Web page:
Formula 1: The 10 best cars of all time

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D he identifies the best Formula 1 cars of all time not easy. There are a thousand answers or none. Because everyone has their own point of view and their own standard. Some judge emotionally, others with numbers. And still others say that drivers and cars from different eras cannot be compared with one another.

That is true and not true. It can be argued that in 1950, the year Formula 1 was born, Alfa Romeo did not encounter any equal opponents. They existed: Ferrari, Maserati, Talbot, Gordini. Just not fast enough. The 1988 McLaren MP4-4 faced 17 competitors. Including Ferrari, Williams, Lotus and Benetton. But they were as far removed from the class leader as the opponents of the Alfetta once were.

The last two Mercedes have each cleared 16 winners' cups. But there were also 19 Grand Prix in one season. In the 1950s there were rarely more than 10 races. If longevity counted, two cars would be ahead. The Lotus 72 debuted in 1970 and won 3 races in its fifth season in 1974. The McLaren M23 even became world champion in 1976 in the fourth year of its existence with James Hunt.

The best F1 cars of all time

Today, the life cycle of a Formula 1 car is one year limited. No matter how successful it was. Seen in this way, only the perspective of a season is a fair yardstick. The number of races only plays a role in the event of a tie. 7 wins in 7 starts is better than 6 in 6. The 1988 McLaren with 15 wins in 16 Grand Prix is ​​ahead of the Ferrari F2002 with 14 wins in 15 starts.

That's why the Ferrari 500 is out of the season 1952 the king of all Formula 1 cars. He won every race he competed in. His successor suffered a defeat against Maserati a year later. The Alfa Romeo Tipo 158 was also rolled into the museum unbeaten. The construction of Gioacchino Colombo did not take part in the 500 miles of Indianapolis, which were still part of the World Cup at that time. The same applies to the Ferrari 500.

The first world champion car in history was designed as early as 1937. And was still competitive 13 years later. Because after the war there were no funds to build new racing cars. The Alfetta lived from its engine. The 385 hp from the eight-cylinder in-line engine with 1,479 cm³ displacement and compressor were unrivaled.

The same applies to the Ferrari 500, which was actually a Formula 2 car. The FIAhad to announce the world championship in 1952 and 1953 for lack of Formula 1 vehicles for the second class. The engine output fell to 180 hp, the lap times increased by 7 to 12 seconds.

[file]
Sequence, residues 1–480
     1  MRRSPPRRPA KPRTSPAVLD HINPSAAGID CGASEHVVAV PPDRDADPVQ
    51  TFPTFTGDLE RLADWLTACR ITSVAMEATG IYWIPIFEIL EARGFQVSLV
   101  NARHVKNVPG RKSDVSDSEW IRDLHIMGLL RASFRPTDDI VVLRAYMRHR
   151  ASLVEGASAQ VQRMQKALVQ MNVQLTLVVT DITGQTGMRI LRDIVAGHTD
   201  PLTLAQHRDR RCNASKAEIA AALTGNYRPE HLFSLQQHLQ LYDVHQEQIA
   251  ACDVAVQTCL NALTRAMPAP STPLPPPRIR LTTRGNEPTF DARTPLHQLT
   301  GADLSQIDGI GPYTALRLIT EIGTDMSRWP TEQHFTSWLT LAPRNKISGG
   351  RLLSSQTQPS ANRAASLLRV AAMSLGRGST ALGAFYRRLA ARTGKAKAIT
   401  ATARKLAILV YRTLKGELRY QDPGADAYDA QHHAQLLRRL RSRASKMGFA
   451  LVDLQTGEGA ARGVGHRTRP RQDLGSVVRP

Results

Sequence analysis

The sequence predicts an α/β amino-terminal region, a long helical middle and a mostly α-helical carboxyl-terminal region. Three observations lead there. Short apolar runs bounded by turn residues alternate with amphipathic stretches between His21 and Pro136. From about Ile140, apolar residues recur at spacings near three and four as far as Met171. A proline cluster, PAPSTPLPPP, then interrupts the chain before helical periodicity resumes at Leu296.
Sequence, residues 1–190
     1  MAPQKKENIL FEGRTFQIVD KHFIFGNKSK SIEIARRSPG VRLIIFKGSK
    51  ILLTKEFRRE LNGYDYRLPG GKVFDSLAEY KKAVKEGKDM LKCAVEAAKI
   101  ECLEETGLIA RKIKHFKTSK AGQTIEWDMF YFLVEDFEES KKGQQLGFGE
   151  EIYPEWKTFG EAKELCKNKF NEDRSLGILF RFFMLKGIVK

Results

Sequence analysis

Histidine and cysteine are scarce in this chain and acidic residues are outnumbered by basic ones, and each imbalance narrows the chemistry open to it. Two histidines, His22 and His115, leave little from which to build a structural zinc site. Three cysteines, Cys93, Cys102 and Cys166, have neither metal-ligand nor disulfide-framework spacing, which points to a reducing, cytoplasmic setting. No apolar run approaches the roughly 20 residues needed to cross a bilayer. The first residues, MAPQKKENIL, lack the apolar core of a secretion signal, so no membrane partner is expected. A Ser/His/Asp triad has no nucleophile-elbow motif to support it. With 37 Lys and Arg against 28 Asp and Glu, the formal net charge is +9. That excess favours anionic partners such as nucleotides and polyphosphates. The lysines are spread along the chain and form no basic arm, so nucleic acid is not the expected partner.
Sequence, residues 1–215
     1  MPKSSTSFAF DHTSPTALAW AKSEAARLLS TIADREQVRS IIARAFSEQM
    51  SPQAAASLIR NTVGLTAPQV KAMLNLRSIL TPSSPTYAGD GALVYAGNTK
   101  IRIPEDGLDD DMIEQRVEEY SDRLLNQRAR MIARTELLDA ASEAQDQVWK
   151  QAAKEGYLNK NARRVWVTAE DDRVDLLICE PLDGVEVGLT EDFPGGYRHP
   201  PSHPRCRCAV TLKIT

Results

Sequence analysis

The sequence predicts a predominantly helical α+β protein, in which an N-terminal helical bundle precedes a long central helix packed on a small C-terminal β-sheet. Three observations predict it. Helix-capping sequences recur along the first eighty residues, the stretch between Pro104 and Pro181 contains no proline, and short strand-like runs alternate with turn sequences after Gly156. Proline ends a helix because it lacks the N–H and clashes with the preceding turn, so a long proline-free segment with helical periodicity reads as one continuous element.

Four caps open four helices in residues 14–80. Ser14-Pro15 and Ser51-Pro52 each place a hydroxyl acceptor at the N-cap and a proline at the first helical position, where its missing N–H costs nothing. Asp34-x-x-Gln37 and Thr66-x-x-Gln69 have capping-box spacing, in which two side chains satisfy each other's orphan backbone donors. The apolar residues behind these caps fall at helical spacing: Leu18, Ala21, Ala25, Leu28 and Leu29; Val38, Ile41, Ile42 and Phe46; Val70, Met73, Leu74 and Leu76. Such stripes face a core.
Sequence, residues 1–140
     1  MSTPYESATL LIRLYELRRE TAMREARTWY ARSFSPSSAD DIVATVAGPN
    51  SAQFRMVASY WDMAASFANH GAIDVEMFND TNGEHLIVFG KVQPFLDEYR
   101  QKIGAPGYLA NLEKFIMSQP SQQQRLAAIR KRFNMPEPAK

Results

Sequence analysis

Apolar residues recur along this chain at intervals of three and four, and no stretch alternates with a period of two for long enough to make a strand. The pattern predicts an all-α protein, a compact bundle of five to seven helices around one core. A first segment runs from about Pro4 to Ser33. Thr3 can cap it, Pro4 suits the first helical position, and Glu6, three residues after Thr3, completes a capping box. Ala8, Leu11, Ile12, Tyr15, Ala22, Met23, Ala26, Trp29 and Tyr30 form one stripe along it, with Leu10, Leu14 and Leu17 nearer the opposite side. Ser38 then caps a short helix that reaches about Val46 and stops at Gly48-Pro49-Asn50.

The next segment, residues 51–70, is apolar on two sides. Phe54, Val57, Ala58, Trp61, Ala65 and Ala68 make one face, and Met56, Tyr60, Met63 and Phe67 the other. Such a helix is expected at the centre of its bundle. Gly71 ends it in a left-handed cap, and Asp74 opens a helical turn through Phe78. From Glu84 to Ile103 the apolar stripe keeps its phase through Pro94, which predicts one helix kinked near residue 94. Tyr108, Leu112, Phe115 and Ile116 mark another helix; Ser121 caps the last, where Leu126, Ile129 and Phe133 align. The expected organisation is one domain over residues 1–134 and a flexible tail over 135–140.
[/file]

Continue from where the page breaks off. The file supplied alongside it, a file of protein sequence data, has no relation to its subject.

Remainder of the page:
The Tipo 500 from Aurelio Lampredi was the measure of all things. Its four-cylinder in-line engine with two overhead camshafts and double ignition was characterized by its particular elasticity. The power was distributed over such a wide range of revs that Ferrari was able to drive the four-speed gearbox with one gear ratio all season. It took Maserati too long until a Ferrari opponent was born with the A6GCM.

Ferrari in the top ten three times

Like Ferrari, Mercedes put 3 cars in the top ten. The W196 from the 1950s ran down the competition with high-quality technology, an unbelievable amount of money, people and materials, and great planning. Direct injection, desmodromic, internal drum brakes to reduce the unsprung masses, independent wheel suspension with torsion bar suspension and a motor inclined to the side to reduce the frontal area were among the features of the Silver Arrows.

Nevertheless, the use of the system in the first year lacked absolute precision . Four defects prevented the total march through. Only the modified W196 with a shorter wheelbase and 80 kilograms less weight gave Mercedes the nimbus of invincibility in 1955.

Lancia's counterattack fizzled out. The D50 had the speed to scare Mercedes, but not the necessary stability. With Alberto Ascari's death, the racing team lost its figurehead. After three races, Gianni Lancia locked his racing team for lack of money.

Colin Chapman's first brilliant litter also took a year to get started. In 1962 the Lotus 25 found its way into B.R.M. nor his master. In its second season, the first monocoque car in history was practically unbeatable. Only technical problems could keep Jim Clark from winning. A gearbox defect in Monte Carlo, an empty battery in Watkins-Glen, a misfire at the Nürburgring.

The McLaren MP4-4-Honda was missing two laps on the way to immortality. If Williams' temporary driver Jean-Louis Schlesser hadn't steered Ayrton Senna off the track shortly before the checkered flag in Monza, the miracle car penned by Steve Nichols and Neil Oatley would have won all races in 1988.

McLaren-Honda drove Everything in the ground because the Anglo-Japanese team made the right engine choice, and because they were the only team to consistently build a new car and a new engine for the last turbo season. Simulations had shown that, despite the restrictions, the turbo still guaranteed the faster package.